A Long Island man has been arrested for making a death threat against a Republican congressman who voted for the $1 trillion infrastructure package, police said.
Kenneth Gasper, 64, was arrested Wednesday for a telephoned death threat against Rep. Andrew Garbarino, Nassau County police said in a news release.
Police said Gasper made the phone call Monday over a vote by Garbarino that Gasper “did not agree with.”
Gasper called Garbarino's district office, cursed at the staff member who answered and called Garbarino a RINO, an insult that stands for “Republican in name only," according to the criminal complaint. Gasper warned that if he saw Garbarino on the street he would kill him, the complaint says.
Gasper, who had a Trump 2024 flag flying outside of his Lake Ronkonkoma home, was arrested on a charge of aggravated second-degree harassment. It wasn’t clear whether he had an attorney who could comment on the charge. No one answered the door at the home on Friday.
A neighbor said that Gaspar has "never been a nice guy, from my perspective," and Nassau County Police Commissioner Patrick Ryder said the retired LIRR worker's anger went well beyond that. Ryder said his department has “zero tolerance for this type of behavior.”
“In the world that we’re living in today, the climate that is out there, these threats we take very seriously,” Ryder said at a news conference Friday.
Garbarino, who was elected in 2020 after longtime U.S. Rep. Peter King announced his retirement, was one of 13 Republicans who voted for the infrastructure package Nov. 5.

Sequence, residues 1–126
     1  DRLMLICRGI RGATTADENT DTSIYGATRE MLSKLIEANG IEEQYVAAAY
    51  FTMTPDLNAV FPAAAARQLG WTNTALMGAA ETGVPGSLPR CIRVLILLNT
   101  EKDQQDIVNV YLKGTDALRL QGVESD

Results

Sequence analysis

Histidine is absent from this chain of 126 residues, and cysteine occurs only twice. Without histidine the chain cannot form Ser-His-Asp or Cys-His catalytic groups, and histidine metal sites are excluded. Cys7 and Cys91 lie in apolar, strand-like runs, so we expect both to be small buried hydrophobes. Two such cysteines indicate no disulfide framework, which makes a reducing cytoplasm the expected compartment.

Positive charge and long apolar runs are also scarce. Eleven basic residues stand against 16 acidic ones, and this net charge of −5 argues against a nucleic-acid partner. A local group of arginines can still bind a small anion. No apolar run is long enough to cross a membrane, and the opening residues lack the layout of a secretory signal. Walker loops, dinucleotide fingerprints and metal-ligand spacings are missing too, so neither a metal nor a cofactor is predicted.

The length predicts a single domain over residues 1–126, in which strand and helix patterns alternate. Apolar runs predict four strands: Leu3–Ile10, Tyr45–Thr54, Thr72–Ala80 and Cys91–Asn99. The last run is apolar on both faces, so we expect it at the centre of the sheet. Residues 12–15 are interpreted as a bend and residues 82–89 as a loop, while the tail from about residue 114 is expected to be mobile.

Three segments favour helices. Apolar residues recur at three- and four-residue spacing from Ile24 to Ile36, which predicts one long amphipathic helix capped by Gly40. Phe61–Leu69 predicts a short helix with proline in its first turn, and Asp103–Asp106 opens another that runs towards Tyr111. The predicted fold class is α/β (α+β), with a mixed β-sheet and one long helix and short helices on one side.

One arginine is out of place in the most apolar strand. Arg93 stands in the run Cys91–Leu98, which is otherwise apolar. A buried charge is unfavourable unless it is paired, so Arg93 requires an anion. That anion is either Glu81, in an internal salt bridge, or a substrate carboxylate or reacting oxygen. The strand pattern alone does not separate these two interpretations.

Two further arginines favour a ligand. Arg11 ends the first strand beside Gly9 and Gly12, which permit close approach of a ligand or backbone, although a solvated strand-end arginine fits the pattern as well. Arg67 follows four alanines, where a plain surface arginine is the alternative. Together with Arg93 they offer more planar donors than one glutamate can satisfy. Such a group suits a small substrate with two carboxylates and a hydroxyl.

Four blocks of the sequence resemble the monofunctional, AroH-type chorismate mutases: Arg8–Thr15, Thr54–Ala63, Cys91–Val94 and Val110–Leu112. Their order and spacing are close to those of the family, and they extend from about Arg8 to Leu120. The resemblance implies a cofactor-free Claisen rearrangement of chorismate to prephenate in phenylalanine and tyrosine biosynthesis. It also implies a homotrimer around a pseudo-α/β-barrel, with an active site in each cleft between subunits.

The 13 defectors have been attacked by fellow Republicans, including former President Donald Trump, over their vote. Republican leaders have been largely silent on the attacks.
Garbarino told the New York Post that “misinformation” spread by his House colleagues, as well as conservative pundits, has put the members’ safety at risk.
“There are members of Congress that are fundraising off of their misinformation and attacking us, and it’s causing us to get death threats on the other side," he said.
While the infrastructure vote appears to have led some opponents of the legislation to threaten lawmakers, death threats against elected officials were already on the rise.
The chief of the U.S. Capitol Police, J. Thomas Manger, told The Associated Press in September that his department was seeing thousands more threats against lawmakers than just a few years ago.
Manger predicted that authorities would respond to close to 9,000 threats against members of Congress in 2021.